Tuesday, June 1, 2010
-4th Straight top 10 finish at ISAF World Cup Event
-Now 3rd in ISAF World Cup Overall Ranking
-470 World Championships: The Hague, Netherlands up next
After sailing in wintry northern Holland for the past two weeks, we are happy to return home to Summer (and a break from wearing our dry suits)! We’ve just completed the Delta Lloyd Regatta in Medemblik, Netherlands, stop #5 on the ISAF World Cup Circuit. We finished 8th of 46 Women’s teams, earning our fourth consecutive appearance in the medal race. After a rocky start on the opening day, we clawed our way back into the top 10 with consistent scores. For more of the details, please read on!
Some of the best advice we’ve gotten from an anonymous veteran racer was, “You can’t win a regatta on the first day, but you can lose it.” Unfortunately, that is what we did. Day #1 was just one of those days on the racecourse where it seemed nothing went our way. Despite a clear pre-race strategy to get to an edge of the track, we let ourselves become stuck in the middle. Sailing on the IJsselmeer is similar to lake sailing: surrounded by land where even the thermal winds are offshore. This lends itself to massive shifts, which require committing to a side early and staying on the edge of the fleet. We scored a frustrating 29, 21. To round out our first day fiasco, a broken main halyard forced us to retire from the third race. After three races of a ten race series, we were stuck in 38th place!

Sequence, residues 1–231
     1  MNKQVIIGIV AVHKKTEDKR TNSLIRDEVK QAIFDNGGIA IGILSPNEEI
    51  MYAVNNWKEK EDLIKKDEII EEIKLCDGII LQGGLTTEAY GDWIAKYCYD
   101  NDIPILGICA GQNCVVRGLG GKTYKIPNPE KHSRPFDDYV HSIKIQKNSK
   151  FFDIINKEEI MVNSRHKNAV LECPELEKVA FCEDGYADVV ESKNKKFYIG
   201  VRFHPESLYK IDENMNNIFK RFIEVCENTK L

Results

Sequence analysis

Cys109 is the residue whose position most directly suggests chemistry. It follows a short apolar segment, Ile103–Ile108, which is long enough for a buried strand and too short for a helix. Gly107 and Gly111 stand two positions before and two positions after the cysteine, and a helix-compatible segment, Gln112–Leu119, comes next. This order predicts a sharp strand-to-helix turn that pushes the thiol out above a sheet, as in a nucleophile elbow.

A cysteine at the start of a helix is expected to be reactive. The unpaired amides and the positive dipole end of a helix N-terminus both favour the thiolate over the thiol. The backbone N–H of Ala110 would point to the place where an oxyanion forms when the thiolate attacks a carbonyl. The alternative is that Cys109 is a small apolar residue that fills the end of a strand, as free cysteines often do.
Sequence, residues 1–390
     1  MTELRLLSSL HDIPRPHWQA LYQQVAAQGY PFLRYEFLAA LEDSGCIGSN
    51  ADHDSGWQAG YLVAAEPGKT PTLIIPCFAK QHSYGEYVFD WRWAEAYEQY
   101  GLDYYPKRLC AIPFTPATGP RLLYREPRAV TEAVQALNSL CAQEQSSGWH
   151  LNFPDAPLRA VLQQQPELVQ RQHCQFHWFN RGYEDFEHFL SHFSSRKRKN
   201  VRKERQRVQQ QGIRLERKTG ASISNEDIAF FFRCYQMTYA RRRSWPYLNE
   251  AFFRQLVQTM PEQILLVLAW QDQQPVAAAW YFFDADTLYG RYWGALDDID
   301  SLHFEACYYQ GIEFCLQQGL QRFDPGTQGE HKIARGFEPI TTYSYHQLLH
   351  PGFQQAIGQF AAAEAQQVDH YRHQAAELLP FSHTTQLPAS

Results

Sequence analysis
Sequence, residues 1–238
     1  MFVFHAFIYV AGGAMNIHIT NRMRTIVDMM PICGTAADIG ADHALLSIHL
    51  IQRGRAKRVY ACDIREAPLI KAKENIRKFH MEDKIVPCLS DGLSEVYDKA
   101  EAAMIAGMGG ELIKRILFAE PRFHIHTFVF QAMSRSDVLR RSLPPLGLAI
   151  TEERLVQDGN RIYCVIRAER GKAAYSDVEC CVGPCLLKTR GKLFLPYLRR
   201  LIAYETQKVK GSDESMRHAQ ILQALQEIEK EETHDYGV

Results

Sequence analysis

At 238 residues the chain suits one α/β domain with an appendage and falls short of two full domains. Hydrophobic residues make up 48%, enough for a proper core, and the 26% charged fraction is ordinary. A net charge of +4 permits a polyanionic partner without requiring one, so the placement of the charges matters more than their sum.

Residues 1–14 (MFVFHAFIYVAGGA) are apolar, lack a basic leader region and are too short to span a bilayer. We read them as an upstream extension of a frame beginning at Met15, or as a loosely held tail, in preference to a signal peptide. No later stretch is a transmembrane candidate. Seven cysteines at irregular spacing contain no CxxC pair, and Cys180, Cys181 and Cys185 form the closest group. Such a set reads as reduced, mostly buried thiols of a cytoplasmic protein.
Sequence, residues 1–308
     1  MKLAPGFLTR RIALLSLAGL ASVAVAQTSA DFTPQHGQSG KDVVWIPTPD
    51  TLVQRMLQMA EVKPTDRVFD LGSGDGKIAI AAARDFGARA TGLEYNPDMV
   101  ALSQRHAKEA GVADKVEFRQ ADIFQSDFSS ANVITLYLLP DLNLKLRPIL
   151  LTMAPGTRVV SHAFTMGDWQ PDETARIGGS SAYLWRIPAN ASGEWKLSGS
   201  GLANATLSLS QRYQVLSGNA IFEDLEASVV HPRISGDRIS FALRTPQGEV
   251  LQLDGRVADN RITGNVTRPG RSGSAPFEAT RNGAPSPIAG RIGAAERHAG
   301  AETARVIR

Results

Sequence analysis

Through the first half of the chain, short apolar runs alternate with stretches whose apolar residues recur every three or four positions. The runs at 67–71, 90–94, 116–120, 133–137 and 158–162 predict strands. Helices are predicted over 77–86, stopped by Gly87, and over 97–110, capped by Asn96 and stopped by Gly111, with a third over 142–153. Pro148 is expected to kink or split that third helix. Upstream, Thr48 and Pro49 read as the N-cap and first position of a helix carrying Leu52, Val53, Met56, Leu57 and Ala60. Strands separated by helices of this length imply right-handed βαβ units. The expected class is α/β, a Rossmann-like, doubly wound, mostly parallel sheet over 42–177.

With our work cut out for us, we were determined to climb back to a respectable finish. A streak of blazing starts and great boat speed allowed us to execute our original game plan of getting to an edge. Once committed to a side, we did a much better job of playing the local shifts while gaining leverage on the fleet. In races 4 through10 we scored: 6, 5, 4, 14, 5, 6, 6. This was enough to move us from 38th to 8th overall in just 3 days of racing and boost us into the medal race. The breeze ranged from 5-25 knots, so this was an excellent test across a range of conditions. As a lighter team, we were particularly happy with our upwind speed in the big breeze. The most important lesson learned from this regatta was how to keep poised and focused after what could have been a devastating start. We are very pleased with the consistency of top 7 scores after the first day.
We return the Netherlands at the end of June to begin a training camp before our World Championships. This time we will be sailing out of The Hague in South Holland. We would like to thank US Sailing Team Alphagraphics.
Sarah and Amanda